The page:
• Seaports can be at risk from the effects of coastal flooding
  • Repairing transport infrastructure could challenge government budget allocations


  • Disruptions to critical infrastructure (sea and air ports, roads and rail)
  • Road transport: fuel tax increase, road pricing, vehicle propulsion unit incentives and emissions penalties
  • Discriminating regulations between road and air (the highest polluters) and rail and shipping (ocean and inland)


  • Owned, leased and third party buildings and facilities: in addition to location and the potential effects of climatic events, consider traffic congestion, road pricing, storage conditions for items and working hours of employees (due to climatic conditions)
  • Building design and construction for extreme weather conditions

Supply Chain relationships

  • Geographic shifts in resource availability
  • Tensions in trading relationships (especially cross-border), which may increase supply chain vulnerability
  • Suppliers that are less prepared for responding to climate change may require assistance from their customers
  • Insurance costs against litigation for climate change damage
  • Water shortages which may affect the supply of ‘invisible water’ – the amount of water required to provide a population’s daily needs of processed and manufactured goods
  • Droughts, water shortages, increased growing season temperatures and reduced crop yields may provide constraints on food industry materials availability
  • Some products will become more or less attractive for end users, changing the value proposition for an enterprise

Adaptation approach

Identifying where to focus your organisation’s supply chain adaptation initiatives is easy to say, but will require considerable effort. Step 1 is to understand the structure of your supply chains. However, the majority of organisations have yet to map their supply chains above or below Tier 1 customers and suppliers, so this will be an ongoing task.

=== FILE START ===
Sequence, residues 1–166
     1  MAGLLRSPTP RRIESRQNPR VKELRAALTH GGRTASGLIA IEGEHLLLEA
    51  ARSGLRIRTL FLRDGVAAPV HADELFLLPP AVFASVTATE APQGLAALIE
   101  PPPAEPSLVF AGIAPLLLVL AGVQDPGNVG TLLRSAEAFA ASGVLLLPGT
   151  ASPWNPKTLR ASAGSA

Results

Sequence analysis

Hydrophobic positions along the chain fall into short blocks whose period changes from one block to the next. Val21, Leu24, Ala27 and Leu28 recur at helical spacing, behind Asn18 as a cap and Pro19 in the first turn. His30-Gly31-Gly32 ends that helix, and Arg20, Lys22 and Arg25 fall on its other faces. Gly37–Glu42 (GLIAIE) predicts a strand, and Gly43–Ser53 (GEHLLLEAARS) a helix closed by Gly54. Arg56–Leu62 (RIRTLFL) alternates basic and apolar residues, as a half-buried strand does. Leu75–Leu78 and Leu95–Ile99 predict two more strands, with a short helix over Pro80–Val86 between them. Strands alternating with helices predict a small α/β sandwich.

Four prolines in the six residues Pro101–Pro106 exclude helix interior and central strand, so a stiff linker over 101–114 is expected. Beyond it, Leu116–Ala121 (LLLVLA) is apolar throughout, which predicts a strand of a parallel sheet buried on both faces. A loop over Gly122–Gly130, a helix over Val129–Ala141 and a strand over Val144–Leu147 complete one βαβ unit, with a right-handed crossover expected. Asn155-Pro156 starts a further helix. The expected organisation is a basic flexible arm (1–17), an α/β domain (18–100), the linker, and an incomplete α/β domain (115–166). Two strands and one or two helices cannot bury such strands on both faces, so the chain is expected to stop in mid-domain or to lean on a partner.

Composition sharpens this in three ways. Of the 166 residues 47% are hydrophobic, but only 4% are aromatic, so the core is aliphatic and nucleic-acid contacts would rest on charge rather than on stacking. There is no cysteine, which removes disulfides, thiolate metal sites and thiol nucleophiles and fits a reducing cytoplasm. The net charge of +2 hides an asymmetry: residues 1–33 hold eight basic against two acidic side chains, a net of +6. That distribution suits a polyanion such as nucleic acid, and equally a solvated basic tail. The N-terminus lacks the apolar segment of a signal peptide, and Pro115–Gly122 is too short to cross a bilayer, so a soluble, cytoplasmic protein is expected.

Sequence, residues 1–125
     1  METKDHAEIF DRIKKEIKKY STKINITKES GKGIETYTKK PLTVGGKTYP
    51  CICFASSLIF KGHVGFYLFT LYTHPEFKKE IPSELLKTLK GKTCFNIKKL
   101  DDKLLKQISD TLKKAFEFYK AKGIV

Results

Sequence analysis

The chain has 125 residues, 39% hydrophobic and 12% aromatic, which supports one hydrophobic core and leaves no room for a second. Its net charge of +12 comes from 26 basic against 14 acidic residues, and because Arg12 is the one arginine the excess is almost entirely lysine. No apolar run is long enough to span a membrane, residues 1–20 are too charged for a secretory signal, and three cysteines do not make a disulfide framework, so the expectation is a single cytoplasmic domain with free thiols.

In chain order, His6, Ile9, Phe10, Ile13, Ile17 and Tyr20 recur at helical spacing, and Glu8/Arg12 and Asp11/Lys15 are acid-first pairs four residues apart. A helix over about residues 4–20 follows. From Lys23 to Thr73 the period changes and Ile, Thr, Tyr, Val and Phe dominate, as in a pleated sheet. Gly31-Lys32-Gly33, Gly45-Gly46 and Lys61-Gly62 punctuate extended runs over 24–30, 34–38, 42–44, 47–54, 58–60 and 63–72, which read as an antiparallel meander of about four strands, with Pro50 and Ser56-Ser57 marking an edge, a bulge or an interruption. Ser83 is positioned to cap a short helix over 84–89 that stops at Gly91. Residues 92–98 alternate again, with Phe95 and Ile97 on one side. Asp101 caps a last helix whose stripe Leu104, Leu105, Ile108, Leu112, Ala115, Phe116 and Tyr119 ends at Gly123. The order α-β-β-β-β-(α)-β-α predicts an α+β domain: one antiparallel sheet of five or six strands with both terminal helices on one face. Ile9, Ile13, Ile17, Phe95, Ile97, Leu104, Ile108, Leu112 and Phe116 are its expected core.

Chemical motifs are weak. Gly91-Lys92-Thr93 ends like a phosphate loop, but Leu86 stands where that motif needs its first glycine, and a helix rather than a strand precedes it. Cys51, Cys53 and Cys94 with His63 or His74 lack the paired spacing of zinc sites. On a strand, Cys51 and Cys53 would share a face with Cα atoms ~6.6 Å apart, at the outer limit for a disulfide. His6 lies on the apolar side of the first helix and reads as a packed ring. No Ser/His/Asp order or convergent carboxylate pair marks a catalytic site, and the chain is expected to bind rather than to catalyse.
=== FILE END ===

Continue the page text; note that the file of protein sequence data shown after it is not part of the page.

Step 2 is to apply the supply chain map (even partly developed) to build a scenario based model that uses the analyses of facts and assumptions about your organisation’s value chains (demand and supply), business model and policies and regulations by governments.

Because uncertainties of unknown scope and intensity could occur at varied times in the future, your organisation’s response cannot be prescriptive. Instead, a scenario based model can illustrate how your organisation, its business model and business relationships are currently structured and the modifications that are required to enable a quick response to events and opportunities, as end user and supply markets change.

When evaluating Adaptation actions for your organisation, also recognise the transitional risks of climate change – the ways in which your business could be adversely affected by ongoing changes in regulations, investment patterns and consumer behaviour. Also, take account of potential geopolitical action by nations and changes in the pattern of global commerce; the increasing digitisation of business processes and access to finance in a period of increasing global debt.

In your organisation, how long does it take for any major change to the business model, markets or organisation to be proposed, discussed, accepted and implemented? Eleven years is not long for action in response to climate change!

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About the Author

Roger Oakden

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With my background as a practitioner, consultant and educator, I am uniquely qualified to provide practical learning in supply chains and logistics. I have co-authored a book on these subjects, published by McGraw-Hill. As the program Manager at RMIT University in Melbourne, Australia, I developed and presented the largest supply chain post-graduate program in the Asia Pacific region, with centres in Melbourne, Singapore and Hong Kong. Read More...